The tiredness was setting in on all of us the minute we walked out of the train station, and to top it off, sometimes being a tourist means standing in long lines. In this case, we started our Venice tour with a 30 minute wait in the Vaparetto (water bus)  ticket line, only to find out the Vaparettos were striking in a few hours and for the rest of the day tomorrow.  So we splurged for a chance for a one-way ride down the main channel to Piazza San Marco.

And, allow me to state the obvious: Venice is beautiful at night.

Of course, it was beautiful.  It's hard to take a good picture at night riding on the back of a Vaparetto, but a few pics turned out good enough to capture the environment of Venice lit up.

We reached Piazza San Marco assuming the crowds would have cleared out and headed back to the main-land.  Boy were we wrong!  It was hopping!  Music, dancing, lots of ritzy people, and lots to see.

We then meandered through the back streets of Venice (without a map) searching for the train station where we started, stopping for supper and snacks along the way.

Here the kids spy a Morano glass store featuring lfe-like glass balloons. Good souvenir?  No...500€ per balloon.


Did I mention Venice is beautiful at night?

We got back to the apartment at about 11:30pm and bedded everyone down.  We slept in (it was needed).   Once we got moving the next morning, we boarded the kids back up onto the train with much more efficiency and headed back for more.

And allow me once again to state the obvious: Venice is beautiful by day.

Anna bought some Murano glass.

Where is a pleasant passing tourist who could take a family picture when we need one!?

 Venice is beautiful....but it requires a lot of walking (unless the water bus isn't on strike the ONE day of your life you plan to visit)... and like many sights in Italy we discovered it is not stroller-friendly (so many arched bridges with only stairs), which meant we had to keep constant watch and hold of Jazlynn all day.  That makes a long walk a gazillion times longer, even with Gelato stops in between.

Even so, it was worth it, and our family got to check another famous sight off our list.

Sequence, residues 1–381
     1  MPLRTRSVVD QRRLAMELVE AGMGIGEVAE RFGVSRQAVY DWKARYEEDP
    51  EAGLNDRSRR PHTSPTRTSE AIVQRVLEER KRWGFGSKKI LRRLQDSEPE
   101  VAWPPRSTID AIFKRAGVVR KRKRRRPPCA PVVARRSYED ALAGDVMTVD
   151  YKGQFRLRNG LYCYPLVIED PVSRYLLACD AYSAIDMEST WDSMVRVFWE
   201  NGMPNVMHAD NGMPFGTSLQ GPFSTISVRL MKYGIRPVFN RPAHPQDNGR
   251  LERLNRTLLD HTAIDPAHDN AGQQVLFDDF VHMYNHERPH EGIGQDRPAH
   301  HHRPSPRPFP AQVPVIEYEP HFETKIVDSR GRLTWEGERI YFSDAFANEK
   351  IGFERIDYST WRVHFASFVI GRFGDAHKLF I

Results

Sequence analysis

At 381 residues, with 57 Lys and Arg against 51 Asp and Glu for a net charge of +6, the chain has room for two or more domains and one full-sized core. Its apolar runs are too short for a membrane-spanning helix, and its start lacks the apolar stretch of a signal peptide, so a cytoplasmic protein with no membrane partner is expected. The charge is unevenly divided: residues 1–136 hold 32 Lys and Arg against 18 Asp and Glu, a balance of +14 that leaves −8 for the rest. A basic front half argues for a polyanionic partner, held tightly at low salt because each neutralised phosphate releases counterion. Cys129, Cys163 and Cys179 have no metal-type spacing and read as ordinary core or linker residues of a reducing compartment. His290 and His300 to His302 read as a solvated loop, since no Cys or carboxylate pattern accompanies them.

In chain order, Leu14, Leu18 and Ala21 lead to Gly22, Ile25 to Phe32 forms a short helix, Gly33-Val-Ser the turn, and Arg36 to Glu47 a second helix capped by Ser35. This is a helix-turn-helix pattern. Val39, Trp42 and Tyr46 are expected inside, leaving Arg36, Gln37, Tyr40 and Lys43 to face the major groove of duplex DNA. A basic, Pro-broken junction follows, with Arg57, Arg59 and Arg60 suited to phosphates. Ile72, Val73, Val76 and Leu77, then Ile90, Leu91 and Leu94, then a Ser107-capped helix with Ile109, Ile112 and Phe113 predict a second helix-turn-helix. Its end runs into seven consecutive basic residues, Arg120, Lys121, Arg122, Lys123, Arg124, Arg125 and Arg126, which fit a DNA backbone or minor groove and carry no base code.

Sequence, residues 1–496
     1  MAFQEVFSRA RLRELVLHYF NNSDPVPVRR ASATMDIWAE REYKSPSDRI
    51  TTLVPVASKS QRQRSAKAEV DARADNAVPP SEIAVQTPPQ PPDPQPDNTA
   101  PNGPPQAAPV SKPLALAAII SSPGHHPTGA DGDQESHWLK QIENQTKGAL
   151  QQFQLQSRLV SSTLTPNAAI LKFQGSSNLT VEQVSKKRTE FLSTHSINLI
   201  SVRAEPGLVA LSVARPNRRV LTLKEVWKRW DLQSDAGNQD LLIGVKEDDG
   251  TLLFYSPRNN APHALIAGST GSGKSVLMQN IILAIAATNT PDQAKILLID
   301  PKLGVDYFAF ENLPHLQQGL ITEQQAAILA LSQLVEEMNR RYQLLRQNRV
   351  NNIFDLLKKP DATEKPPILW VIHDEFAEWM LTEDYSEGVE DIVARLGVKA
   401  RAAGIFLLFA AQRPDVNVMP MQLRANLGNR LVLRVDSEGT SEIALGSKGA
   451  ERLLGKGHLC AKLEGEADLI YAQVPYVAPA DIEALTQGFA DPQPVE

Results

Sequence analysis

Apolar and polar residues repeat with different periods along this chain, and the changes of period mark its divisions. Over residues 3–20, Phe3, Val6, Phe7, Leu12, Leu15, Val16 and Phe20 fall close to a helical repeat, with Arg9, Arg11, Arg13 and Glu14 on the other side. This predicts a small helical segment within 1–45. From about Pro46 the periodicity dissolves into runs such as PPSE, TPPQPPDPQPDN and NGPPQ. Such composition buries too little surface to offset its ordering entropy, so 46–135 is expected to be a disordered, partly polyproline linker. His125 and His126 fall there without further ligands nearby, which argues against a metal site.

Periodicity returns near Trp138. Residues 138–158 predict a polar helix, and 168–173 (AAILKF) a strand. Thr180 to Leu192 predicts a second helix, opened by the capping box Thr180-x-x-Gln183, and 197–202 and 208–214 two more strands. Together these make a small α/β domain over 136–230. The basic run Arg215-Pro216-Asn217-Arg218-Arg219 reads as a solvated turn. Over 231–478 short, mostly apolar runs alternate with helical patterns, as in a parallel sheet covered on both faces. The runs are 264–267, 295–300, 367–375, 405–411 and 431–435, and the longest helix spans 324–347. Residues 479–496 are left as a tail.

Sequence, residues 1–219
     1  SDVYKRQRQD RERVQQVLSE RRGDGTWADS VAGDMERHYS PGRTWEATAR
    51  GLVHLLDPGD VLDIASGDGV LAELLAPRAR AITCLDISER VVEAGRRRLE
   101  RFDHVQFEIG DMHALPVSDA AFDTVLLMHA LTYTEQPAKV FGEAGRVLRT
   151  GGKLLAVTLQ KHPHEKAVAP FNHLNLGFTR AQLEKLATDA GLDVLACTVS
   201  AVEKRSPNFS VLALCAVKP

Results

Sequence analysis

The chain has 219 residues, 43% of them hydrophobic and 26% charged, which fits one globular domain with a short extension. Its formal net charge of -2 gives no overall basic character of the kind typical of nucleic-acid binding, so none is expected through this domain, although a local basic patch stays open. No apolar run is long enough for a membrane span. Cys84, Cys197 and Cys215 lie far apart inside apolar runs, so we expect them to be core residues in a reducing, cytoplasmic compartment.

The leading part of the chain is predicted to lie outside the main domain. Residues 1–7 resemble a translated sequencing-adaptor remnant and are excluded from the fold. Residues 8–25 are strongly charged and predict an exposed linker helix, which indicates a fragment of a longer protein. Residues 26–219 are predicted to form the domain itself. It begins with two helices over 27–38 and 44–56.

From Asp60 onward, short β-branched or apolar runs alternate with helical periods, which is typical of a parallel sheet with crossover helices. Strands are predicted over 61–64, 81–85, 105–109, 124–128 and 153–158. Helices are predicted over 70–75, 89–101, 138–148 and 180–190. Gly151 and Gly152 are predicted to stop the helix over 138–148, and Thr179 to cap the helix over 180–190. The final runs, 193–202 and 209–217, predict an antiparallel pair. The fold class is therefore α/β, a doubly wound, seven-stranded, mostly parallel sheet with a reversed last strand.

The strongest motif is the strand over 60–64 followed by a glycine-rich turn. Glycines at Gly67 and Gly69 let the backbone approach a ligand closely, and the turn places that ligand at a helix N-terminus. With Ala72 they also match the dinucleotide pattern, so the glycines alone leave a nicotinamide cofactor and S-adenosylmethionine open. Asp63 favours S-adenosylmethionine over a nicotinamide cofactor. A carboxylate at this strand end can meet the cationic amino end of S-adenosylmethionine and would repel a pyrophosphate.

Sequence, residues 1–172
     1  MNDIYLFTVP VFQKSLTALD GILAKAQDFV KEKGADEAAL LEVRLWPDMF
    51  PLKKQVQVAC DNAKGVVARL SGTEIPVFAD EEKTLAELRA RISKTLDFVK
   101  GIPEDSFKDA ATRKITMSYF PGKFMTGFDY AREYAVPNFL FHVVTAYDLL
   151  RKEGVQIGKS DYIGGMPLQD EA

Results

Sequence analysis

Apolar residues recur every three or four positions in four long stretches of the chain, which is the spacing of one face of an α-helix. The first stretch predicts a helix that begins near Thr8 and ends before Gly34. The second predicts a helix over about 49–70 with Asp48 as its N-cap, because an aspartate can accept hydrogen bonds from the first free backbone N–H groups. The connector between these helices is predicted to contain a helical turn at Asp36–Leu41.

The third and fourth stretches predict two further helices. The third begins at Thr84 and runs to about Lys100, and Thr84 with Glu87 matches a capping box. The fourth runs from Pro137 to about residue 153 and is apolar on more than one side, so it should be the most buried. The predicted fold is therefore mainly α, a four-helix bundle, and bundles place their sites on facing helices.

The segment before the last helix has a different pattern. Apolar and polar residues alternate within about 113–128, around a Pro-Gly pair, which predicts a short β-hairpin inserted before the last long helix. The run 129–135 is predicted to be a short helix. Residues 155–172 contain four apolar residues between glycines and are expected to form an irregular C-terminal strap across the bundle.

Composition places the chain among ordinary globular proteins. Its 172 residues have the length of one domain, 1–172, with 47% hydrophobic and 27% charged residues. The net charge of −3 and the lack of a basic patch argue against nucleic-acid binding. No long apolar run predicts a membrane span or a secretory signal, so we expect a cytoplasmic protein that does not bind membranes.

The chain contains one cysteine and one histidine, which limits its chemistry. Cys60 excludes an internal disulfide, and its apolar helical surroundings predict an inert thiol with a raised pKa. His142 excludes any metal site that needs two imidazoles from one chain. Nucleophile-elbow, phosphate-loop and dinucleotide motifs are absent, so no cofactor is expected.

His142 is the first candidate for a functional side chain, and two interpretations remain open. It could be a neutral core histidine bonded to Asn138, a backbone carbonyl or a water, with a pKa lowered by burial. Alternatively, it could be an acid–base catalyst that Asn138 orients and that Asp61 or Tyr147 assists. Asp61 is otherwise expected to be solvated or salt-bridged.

When in Rome....

After spending 5 days in Liguria exploring Pisa, Cinque Terre, and getting in some serious beach time, we packed everything back up in the van and headed further South for three nights in Rome.  We arrived in Rome after an uneventful 5 hour drive, where our van barely fit down the alleyway to our apartment.  In the course of parking the van two inches from the building in order to make way for other cars, I bumped into the neighbor's potted flowers...while he stood by and watched.  A start worthy of the Senneff Sieben.

Rome.  Whoa.  Rome is gritty.  It is noisy, bustling, and full of people.  It's dirty, completely chaotic,  sometimes smells funky, and if you can believe it, some of the buildings haven't even been updated for almost 2000 years.  We had to take a 20 min (packed!) bus ride and then a short metro ride to get from the apartment to anywhere, and it was the first time in all of our travels that I've felt like I needed a shower every time I stepped off the public transportation.

 But the eternal city makes for an interesting destination.

The next morning the metro dropped us off outside of the Colosseum, where we first stopped by the Roman Forum and started our "Roman Shuffle."

Tickets in hand, we skipped past the lines and walked right into the Colossuem (good tip, Rick Steves!):

And then, paraphrasing Forest Gump, we just started walking...

To the Victor Emmanuel Monument, built as a symbol of Italian unity....

To the Trevi Fountain, where one throws a coin in the fountain in order to ensure a return visit to Rome is in their future....

There were a few other people at the Trevi fountain:

And then to the Spanish steps (via Burger King).  Can you find Melissa and the kids?  They are in there!

We only spent one full day in Rome (it was plenty for the younger set), the next day opting to head just outside town to check out the ancient ruins of Ostia Antica.  But that evening while Melissa was putting the younger 3 down and packing us up for our drive to Venice, Anna, Chase, and Dad took a night stroll through Rome to see some of the sights from a different perspective:

 There were a few other people at the Trevi fountain:

So how was Rome?  It was dirty, loud, bustling, packed, expensive, not kid-friendly, hot, chaotic, smelled sometimes, full of pick-pocketers (we were prepared, thanks again Rick Steves), and made us feel like taking extra showers.

But I wouldn't change a thing.